Natural Language and Artificial Intelligence
HSSP Summer 2009, Instructor: Gregory Marton
July 12 -- First Steps
We will introduce the concepts of syntax, semantics, and meaning, in
both human languages and computer languages. We will take our first
steps in writing a Scheme program, and start to think deeply about
- Computing: numbers, strings, booleans, procedures, conditionals, naming
- Linguistics: nouns, verbs, conditionals
- Lab exercise: get set up with subversion and PLT; Generate simple
sentences that say hello to someone and incorporate an adjective
July 19 -- Languages, Sounds, Alphabets
We'll look at the world's most common and least common languages, talk
about language change and language families, writing systems and
sounds, and all that makes one language different from another.
- Computing: lists: map and filter, recursion, machine learning, probability
- Linguistics: Languages of the world, language families, sounds and alphabets
- Lab exercise: Automatically identify whether a text is in English or Dutch.
July 26 -- Morphology
What are words and what is the significance of spaces? Languages like
Turkish, Hungarian, and to some extent German, can express entire
sentences in one word. Languages like Chinese have words, but do not
use spaces in writing. Even in English, we can see regularities of
meaning that are smaller than words.
- Computing: associations, map over more than one list, ormap
- Linguistics: morphemes are the smallest units of meaning; regular
and irregular word endings; where words come from
- Lab exercise: Predict regular word endings and thus find the irregular ones.
Aug 2 -- Words and Keyword Search
When we put morphemes together into words, they still don't convey just one meaning:
- Computing: mappings: list->mapping, mapping-reduce, indexing
- Linguistics: homographs and homophones, synonyms, hyponyms, meronyms, stemming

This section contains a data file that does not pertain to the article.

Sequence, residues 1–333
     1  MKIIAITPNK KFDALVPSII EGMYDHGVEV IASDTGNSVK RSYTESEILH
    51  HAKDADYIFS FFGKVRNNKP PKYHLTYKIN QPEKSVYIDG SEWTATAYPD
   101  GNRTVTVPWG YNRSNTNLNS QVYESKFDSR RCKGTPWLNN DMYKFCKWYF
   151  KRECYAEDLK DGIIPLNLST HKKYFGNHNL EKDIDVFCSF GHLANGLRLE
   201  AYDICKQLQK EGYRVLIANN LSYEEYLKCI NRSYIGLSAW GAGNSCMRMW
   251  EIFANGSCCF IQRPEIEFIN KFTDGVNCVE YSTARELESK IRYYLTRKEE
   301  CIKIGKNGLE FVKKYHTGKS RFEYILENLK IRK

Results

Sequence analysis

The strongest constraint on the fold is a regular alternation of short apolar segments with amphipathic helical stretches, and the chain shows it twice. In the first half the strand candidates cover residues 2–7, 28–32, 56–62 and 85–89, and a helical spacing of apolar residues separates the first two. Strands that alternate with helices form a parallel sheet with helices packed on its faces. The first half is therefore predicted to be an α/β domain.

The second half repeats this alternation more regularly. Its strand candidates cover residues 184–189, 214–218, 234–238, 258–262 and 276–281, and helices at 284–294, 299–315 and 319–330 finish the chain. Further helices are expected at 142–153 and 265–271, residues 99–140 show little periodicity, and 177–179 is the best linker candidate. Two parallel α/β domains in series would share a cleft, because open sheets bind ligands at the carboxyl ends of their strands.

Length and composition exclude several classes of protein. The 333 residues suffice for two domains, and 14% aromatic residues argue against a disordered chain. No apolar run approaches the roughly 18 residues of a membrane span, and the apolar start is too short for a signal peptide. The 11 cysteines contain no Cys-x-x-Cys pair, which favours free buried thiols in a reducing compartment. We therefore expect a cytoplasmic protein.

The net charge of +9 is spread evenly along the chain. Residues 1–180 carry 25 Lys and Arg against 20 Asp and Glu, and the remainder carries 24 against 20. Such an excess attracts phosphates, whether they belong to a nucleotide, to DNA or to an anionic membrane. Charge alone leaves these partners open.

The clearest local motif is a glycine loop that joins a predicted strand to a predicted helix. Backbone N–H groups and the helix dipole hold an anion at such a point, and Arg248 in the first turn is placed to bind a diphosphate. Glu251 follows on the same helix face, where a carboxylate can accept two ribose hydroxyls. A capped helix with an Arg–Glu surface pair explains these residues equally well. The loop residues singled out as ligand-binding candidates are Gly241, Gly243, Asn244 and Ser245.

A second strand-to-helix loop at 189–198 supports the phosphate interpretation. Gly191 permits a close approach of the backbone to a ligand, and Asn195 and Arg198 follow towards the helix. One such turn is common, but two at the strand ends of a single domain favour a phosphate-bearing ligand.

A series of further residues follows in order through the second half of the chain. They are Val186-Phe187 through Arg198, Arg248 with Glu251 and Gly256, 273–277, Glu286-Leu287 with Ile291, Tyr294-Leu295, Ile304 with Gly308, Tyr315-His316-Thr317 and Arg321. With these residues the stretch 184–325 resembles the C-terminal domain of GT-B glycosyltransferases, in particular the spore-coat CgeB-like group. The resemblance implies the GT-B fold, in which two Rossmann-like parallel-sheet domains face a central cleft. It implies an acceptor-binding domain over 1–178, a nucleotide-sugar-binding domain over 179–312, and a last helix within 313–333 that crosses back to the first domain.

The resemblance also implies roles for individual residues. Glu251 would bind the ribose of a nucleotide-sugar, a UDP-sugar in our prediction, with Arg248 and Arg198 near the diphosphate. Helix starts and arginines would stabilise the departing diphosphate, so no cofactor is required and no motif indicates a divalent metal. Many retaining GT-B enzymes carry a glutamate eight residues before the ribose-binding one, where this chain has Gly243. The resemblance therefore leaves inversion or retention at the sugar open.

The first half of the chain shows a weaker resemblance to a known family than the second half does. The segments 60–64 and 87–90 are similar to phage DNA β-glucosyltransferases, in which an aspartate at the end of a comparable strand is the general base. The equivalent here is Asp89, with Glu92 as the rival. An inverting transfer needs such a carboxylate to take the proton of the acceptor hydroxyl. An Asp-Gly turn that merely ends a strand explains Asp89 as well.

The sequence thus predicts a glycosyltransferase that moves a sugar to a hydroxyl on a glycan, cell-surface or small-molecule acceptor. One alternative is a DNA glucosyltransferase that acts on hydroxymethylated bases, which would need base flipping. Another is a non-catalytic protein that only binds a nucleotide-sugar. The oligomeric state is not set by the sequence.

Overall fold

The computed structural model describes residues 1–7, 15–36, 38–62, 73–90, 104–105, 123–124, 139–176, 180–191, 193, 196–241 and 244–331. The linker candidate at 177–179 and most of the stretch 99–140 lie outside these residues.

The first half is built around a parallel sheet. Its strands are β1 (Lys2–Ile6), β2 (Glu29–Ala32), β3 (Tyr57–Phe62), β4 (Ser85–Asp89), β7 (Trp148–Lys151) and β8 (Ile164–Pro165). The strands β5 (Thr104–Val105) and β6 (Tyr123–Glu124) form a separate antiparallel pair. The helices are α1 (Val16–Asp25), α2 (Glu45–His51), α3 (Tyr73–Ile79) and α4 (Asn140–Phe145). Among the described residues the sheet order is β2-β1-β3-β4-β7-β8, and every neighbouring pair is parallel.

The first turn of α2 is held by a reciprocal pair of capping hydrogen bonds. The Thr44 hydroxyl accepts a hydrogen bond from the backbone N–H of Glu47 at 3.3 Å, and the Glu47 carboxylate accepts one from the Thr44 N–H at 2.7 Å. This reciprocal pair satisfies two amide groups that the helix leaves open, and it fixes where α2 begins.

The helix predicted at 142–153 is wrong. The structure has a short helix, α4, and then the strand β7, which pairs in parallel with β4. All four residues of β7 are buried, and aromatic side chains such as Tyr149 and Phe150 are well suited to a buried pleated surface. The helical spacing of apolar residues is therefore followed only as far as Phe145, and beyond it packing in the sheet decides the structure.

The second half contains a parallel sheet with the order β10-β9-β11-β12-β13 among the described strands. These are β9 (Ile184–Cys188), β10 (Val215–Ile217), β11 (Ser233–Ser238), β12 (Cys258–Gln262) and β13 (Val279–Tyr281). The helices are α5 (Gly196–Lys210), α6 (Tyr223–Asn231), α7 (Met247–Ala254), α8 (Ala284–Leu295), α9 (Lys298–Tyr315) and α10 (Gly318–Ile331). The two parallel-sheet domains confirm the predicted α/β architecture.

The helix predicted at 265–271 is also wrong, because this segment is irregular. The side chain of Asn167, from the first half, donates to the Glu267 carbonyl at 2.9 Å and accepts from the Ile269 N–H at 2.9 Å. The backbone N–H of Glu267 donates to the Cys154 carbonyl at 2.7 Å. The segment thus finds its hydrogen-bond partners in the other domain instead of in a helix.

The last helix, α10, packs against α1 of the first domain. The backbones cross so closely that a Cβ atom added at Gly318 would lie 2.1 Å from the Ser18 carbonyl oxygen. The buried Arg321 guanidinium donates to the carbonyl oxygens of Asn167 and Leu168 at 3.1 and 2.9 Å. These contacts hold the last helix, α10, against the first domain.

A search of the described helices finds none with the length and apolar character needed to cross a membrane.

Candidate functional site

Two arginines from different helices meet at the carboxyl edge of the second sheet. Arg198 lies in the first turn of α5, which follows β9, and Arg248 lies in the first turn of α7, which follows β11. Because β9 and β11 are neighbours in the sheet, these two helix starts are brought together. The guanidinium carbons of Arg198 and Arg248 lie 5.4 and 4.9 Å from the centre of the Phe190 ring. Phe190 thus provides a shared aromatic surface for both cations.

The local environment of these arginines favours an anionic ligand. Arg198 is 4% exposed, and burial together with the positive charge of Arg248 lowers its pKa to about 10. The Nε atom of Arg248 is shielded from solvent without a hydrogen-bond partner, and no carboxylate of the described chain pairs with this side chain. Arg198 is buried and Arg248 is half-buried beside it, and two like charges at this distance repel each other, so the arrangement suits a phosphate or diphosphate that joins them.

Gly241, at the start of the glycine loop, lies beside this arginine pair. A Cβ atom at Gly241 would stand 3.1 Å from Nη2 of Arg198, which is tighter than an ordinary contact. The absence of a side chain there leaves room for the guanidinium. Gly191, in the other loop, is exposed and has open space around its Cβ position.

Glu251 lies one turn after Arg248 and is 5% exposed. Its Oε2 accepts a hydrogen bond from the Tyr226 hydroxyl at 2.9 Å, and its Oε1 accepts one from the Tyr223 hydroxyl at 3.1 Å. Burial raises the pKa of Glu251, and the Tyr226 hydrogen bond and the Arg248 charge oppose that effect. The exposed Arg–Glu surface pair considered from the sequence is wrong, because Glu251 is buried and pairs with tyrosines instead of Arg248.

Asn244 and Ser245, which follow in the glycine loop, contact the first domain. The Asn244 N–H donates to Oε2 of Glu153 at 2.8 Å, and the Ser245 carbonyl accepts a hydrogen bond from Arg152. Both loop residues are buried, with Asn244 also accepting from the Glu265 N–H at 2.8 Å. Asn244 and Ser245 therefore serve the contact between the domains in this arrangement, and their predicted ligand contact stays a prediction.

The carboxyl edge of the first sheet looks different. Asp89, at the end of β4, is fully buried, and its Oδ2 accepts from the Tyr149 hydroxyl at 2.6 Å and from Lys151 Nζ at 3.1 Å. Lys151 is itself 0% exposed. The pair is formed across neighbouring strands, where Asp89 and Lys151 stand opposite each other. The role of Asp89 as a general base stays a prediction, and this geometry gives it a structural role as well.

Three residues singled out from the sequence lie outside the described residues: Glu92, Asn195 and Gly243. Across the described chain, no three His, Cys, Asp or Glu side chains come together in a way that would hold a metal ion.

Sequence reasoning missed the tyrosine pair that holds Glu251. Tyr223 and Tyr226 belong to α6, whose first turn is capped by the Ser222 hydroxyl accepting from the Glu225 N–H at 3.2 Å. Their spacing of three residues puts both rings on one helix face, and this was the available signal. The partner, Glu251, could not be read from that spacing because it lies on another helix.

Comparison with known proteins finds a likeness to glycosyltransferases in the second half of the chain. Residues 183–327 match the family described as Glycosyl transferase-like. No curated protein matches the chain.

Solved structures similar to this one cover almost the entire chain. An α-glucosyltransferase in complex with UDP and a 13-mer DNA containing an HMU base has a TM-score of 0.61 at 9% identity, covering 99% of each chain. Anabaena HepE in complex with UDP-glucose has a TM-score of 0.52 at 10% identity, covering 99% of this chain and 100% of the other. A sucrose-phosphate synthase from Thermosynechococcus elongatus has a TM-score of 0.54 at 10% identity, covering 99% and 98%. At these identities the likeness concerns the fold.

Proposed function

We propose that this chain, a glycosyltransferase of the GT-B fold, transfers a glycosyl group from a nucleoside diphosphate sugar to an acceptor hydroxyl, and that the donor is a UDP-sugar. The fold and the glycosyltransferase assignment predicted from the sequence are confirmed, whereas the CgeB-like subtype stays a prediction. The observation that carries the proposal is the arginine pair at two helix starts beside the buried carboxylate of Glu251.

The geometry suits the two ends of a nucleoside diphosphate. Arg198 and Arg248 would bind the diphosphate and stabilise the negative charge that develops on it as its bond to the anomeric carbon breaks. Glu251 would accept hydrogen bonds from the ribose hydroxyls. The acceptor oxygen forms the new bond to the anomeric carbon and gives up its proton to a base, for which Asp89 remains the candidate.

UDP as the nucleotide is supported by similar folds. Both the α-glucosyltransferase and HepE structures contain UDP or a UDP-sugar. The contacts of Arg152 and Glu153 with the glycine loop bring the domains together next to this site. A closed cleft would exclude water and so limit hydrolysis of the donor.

- Lab Exercise: Search Twitter-feeds case-sensitively and
case-insensitively, and with collapsing morphologically different
forms of the same word.
Aug 9 -- Multi-word meanings
- Computing: nested data structures, counting bigrams
- Linguistics: verb-particle constructions, selectional restrictions
- Lab exercise: Extend Twitter search to search for sequences, rather
than sets, of words. Weight common words less than rare words.
Aug 16 -- Syntax and Development
You've heard of subjects and predicates -- where do these come from?
Is there really structure to our sentences, or are they just n-grams,
like the multi-word entities. If we're careful, we can unambiguously
hear that there is structure in a sentence, but it's not easy, so how
to do kids figure it out? What else do kids invent that they never
- Computing: visualization -- turning mappings into scatter plots and bar graphs
- Linguistics: syntax, wanna contraction, clefting for constituency,
coordination for constituent type, overregularization
- Lab exercise: We will use our search engine to search for incorrect
irregular verb endings in actual transcripts of children's speech at
various ages. We'll make graphs that show children's very odd
Aug 23 -- Semantics and Grounding
Guest Lecturer: Stefanie Tellex
In order for computers to really understand anything of our language,
we and they must share some of the same kinds of experiences.
Computers are learning to see, to hear, to move around, and interact
with the world around them, so there is hope. But they need us to
teach them what things mean.
- Computing: automatic evaluation; review: features and machine learning
- Linguistics: semantics of spatial prepositions
- Lab exercise: annotate time and spatial expression examples
Aug 30 -- Meanings as Programs
Many meanings have to be grounded in the real world, and connected to
cameras and motors and experiences, but surely there are some meanings
that computers can more easily relate to, like numbers and time. Can
we get computers to talk and reason about numbers and about time in a
human language? How do we put together what we've learned about
morphemes, words, and structure, and teach a computer to communicate
coherently about a few things?
- Computing: procedures as return values, currying
- Linguistics: Eliza, procedural semantics, CCG, discourse and
coherence, Gricean implicature, brains.
- Lab exercise: write meanings for some simple sentences, course evaluation